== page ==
European Projects Behind the Scenes (5)
Gregor Cerinšek, IRI UL
The word project originates from Latin proiectum “something thrown forth,” noun use of neuter of proiectus, past participle of proicere “stretch out, throw forth,” from pro- “forward” + combining form of iacere (past participle iactus) “to throw” (from Online Etymology Dictionary).
Following conventional project management paradigms from the 1970s and 1980s, “project” can be understood as a unique entity with limited duration and with a clear and predefined start and end date. Definitions primarily aim to provide a distinction between “projects” and other activities and processes; emphasizing its uniqueness, temporariness, and unrepeatability (in contrast to a production line, which is a continuous and repetitive process). Due to its sui generis character “project” is also frequently associated with novelty, innovation, and risk-taking. Two projects, therefore, cannot be identical by the definition.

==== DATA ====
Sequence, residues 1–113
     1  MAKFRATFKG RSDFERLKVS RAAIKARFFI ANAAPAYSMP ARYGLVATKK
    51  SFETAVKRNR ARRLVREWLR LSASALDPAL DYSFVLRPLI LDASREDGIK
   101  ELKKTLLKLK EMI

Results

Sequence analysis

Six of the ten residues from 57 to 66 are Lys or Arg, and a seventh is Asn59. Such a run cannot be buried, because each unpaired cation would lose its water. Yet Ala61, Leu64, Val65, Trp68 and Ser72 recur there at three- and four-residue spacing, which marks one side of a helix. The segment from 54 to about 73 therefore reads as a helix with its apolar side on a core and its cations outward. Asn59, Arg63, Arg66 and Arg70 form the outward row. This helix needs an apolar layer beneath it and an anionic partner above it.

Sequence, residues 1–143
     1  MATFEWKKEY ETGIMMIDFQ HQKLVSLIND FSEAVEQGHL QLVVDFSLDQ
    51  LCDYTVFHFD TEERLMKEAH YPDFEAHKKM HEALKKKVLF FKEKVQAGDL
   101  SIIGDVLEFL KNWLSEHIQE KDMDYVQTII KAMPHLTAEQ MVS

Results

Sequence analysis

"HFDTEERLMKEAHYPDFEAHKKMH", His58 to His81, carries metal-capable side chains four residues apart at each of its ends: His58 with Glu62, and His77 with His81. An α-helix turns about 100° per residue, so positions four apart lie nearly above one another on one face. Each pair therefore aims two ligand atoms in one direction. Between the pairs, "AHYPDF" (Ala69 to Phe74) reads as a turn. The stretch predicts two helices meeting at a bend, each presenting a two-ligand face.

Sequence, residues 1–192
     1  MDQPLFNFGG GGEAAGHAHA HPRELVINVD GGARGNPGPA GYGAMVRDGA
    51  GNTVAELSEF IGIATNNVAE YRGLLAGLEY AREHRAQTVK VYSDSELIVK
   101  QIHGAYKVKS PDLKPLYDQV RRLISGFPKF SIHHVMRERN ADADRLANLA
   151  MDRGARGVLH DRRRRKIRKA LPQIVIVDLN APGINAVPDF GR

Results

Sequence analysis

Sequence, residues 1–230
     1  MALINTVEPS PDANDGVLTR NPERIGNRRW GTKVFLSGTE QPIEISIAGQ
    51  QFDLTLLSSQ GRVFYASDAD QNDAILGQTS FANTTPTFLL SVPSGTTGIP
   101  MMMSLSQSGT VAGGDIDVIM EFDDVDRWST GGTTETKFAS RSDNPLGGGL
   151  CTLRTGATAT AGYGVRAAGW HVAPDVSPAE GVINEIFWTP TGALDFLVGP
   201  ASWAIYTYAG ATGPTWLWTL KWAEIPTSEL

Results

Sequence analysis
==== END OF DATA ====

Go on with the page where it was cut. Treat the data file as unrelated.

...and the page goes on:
In a narrow, legal sense, each project has a formal beginning and end, as defined in a grant agreement or contract between the investor – European Commission or its agencies; and project coordinator representing the project consortium. However, in a broader sense, several activities are carried out before and after the formal project duration. Everything starts with a “call for proposals”, which is developed by the European Commission. Several negotiations and lobbying activities are carried out to influence the respective development process so that the call for proposals could take into account certain European development visions, trends, and priorities, or even more particular interests (the latter is mainly done in the “backstage”). The call specifies specific key topics and thematic areas together with the available budget. Once published, the (future) project partners develop and conceptualize their ideas, which derive from the state-of-the-art analysis – what is currently going on in our interest areas and what are the needs of our target groups. The partners shape and design their ideas to fit the formal structure required by the project documentation; e.g. they set the objectives and anticipate desired impacts, develop a work plan with work packages, define project methodology with a proposed budget, etc. The coordinator submits the elaborated project documentation in the form of a project application. Next, external and independent evaluation is carried out and – in an ideal scenario – the project proposal is approved and a grant agreement is signed. And only now, the “project” in its narrow sense can start. This is the period of its formal implementation, determined firstly by the formal project structure and rules as set in the contract; and, on the other, shaped by the informal organization that emerges as an assembly of concrete activities of individuals & project groups, their interpersonal relations, and communication flows.